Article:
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PLEEASE HELP GRADE 12 PHYSICS UNIVERSITY LEVEL

PLEEASE HELP GRADE 12 PHYSICS UNIVERSITY LEVEL.

1.     
A baseball is thrown by Joey from the third floor of
his home at 20.0m/s [downwards], his friend Timmy is 3.5 m below him.
a.      
Find how long it takes the ball to reach Timmy.
b.     
What velocity does the ball hit Timmy?
PLEEASE HELP GRADE 12 PHYSICS UNIVERSITY LEVEL

Australia’s Economic Polices Post Financial Crash

The expansionary monetary decisions of the Reserve Bank of Australia (RBA) during the six month after the global financial crisis (GFC) escalated in September 2008. Executive Summary The report is being prepared to present Australia’s current macroeconomics policies that the Reserve bank of Australia has adopted to stabilize the financial condition of the economy of the nation. It generally outlines the various decisions and steps taken by the Australian regulatory body during the period after the global financial crisis occurred in September 2008. Moreover this report tries to highlight the impact of such decisions of the regulatory bodies on the functioning of the big corporate, small business, salaried people and others. How the escalated financial crisis affected the people of Australia and the Reserve Bank of Australia works to stabilize such condition to provide relief to the people. (Stevens, 2014) This report first of all tries to gather all the facts about the circumstances and then the decisions taken by the Australian Reserve Bank about the monetary and fiscal policies in order to stabilize and slowly recover the Australian economy from the global financial crisis. Introduction

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Introduction:*Explain why this assignment is an important and relevant one to do for this class.*Describe how you collected the information for this paper. Do you think this was a good way to collect theinformation? *Are there any problems with your information because of the way you gathered it?*What is your current health status? *Discuss both positive and negative health issues. Explain why they are appropriate examples orissues to be discussing in the particular area of health you are discussing (ie., why is this aphysical health issue), especially if it is a health issue that could be discussed in more thanone place.*Include health-related habits and behaviors as well as illnesses or conditions.*Overall, is your health status good or bad? Why do you think so?*Describe your family’s health status*DO NOT just list every individual and their health issues.*Provide over all trends and patterns. Give percentages. Summarize the information.*For example: what percentage of the family members have particular health habits or illnesses? How many generations is that health issue or habit present in? Are there gender differences? Are they learned behaviors or hereditary issues?*Discuss what impact your family has had on your current and future health status.*Are there health problems you are at higher risk of contracting/being exposed to?*Are there positive/negative habits you have picked up from being around them?*Is there information about your family’s health you don’t have that you wish youDID have? Why or why not?*Is there information you wish you did NOT know about? Why or why not?*Did they support you in starting and/or maintaining positive or negative healthhabits? (for example, attended all your activities, bought you your first pack ofcigarettes, etc.)*Are there behaviors you need to change because of what you learned? Why orwhy not?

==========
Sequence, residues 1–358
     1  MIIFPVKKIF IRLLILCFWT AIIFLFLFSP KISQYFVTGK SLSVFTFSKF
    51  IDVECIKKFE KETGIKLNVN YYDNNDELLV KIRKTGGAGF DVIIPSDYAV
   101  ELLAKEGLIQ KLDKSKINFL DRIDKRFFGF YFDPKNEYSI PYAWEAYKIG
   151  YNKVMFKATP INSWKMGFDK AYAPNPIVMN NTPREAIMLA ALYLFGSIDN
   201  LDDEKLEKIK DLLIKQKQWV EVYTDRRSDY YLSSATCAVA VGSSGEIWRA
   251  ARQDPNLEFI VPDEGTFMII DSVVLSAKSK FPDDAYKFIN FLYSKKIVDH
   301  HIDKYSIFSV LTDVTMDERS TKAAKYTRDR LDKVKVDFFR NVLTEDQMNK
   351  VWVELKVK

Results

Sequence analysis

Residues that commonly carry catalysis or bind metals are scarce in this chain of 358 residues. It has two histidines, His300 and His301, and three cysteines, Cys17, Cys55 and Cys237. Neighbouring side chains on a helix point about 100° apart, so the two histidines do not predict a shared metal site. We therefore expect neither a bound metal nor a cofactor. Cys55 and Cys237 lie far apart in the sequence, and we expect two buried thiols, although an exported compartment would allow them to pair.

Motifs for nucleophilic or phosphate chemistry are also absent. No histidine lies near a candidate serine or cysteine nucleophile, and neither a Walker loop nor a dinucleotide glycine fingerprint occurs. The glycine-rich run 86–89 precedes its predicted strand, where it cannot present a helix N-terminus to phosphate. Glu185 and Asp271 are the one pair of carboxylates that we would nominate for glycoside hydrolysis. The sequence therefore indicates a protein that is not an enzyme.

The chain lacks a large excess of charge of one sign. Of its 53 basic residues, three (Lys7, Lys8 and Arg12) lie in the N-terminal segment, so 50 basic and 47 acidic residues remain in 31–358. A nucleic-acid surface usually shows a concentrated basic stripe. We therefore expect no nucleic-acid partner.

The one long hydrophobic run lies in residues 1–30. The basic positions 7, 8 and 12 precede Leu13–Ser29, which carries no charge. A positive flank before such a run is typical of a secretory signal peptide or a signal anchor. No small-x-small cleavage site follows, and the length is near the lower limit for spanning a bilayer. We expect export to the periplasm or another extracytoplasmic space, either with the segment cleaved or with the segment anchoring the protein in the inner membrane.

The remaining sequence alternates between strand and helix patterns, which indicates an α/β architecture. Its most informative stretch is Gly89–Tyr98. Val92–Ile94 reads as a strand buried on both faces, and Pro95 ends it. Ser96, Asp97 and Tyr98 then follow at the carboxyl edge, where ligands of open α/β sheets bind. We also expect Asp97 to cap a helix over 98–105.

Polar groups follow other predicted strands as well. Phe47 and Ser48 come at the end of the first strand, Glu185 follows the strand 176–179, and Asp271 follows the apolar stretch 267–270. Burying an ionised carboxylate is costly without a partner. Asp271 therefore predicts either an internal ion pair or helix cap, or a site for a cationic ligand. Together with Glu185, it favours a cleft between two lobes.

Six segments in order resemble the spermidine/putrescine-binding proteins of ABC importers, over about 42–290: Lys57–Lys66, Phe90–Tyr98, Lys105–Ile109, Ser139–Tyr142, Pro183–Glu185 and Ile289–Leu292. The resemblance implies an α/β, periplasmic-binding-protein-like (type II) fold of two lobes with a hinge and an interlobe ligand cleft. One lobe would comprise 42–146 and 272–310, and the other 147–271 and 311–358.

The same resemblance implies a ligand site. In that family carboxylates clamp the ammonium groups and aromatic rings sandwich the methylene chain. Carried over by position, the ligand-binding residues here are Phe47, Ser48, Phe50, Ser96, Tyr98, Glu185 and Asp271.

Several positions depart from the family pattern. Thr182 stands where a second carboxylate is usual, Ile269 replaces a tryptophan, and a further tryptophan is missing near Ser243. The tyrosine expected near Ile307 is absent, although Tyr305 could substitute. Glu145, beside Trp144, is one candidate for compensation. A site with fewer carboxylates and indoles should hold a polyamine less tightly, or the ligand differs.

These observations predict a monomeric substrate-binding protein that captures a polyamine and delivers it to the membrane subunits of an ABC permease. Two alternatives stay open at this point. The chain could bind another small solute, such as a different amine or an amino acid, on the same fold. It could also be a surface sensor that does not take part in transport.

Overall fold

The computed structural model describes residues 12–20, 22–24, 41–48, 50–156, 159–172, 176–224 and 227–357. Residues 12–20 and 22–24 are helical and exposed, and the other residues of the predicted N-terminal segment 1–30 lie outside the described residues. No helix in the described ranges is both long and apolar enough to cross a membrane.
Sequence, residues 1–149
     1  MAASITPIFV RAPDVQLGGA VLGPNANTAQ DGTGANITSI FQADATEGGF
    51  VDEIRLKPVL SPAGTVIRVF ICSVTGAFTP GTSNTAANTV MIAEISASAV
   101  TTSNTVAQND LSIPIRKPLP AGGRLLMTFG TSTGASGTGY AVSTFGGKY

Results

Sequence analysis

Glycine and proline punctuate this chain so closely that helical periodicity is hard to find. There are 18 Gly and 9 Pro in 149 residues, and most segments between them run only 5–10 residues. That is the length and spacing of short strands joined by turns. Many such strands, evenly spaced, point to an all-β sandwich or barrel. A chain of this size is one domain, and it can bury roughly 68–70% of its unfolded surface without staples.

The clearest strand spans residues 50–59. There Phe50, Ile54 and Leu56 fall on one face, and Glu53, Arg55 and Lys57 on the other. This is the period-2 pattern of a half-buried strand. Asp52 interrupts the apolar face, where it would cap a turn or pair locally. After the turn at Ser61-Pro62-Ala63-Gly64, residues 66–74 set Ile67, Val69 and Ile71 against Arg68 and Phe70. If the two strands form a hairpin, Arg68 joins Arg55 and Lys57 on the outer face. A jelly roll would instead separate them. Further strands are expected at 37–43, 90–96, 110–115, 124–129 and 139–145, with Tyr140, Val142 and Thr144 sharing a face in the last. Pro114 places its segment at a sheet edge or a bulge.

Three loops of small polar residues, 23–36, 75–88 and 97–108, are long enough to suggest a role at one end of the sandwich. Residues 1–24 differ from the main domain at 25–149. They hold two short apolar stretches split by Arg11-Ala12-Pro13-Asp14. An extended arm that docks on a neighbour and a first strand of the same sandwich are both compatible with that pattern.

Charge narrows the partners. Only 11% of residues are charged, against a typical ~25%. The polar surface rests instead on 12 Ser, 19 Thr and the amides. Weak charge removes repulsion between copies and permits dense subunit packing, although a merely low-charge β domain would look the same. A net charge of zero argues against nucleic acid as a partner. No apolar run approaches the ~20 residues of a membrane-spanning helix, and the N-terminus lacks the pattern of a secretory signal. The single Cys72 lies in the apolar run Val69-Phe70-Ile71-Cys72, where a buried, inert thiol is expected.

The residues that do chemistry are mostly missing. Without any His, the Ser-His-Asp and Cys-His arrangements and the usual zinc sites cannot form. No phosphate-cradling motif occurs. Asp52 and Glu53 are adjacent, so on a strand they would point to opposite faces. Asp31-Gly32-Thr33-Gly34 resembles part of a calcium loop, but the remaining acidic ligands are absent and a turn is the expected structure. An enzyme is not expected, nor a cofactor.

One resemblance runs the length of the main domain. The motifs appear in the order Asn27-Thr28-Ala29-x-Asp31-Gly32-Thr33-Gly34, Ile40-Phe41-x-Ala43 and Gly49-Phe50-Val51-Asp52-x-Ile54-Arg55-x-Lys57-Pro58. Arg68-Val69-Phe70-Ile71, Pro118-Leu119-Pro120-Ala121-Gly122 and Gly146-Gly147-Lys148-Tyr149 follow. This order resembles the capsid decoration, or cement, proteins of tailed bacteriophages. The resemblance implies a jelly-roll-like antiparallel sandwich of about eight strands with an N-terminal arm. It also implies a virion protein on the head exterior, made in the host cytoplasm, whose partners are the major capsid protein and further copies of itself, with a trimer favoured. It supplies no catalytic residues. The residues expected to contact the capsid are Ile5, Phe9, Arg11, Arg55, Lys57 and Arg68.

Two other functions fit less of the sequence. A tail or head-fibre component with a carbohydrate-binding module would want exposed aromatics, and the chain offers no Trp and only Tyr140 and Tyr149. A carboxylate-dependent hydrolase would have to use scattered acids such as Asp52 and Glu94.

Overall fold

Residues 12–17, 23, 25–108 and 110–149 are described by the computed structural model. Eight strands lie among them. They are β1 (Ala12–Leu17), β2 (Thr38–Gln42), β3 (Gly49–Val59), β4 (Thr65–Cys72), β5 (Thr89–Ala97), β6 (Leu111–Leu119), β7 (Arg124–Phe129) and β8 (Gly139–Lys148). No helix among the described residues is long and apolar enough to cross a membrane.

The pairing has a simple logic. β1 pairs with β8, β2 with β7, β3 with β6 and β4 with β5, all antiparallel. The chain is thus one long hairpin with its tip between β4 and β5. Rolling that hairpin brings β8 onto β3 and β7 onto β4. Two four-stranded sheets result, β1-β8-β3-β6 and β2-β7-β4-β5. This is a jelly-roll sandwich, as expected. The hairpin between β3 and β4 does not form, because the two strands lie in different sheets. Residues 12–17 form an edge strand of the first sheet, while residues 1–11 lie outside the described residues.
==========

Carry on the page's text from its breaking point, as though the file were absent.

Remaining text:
personal health assessment, health & medical homework help

Sleep Country Canada Business Strategy Analysis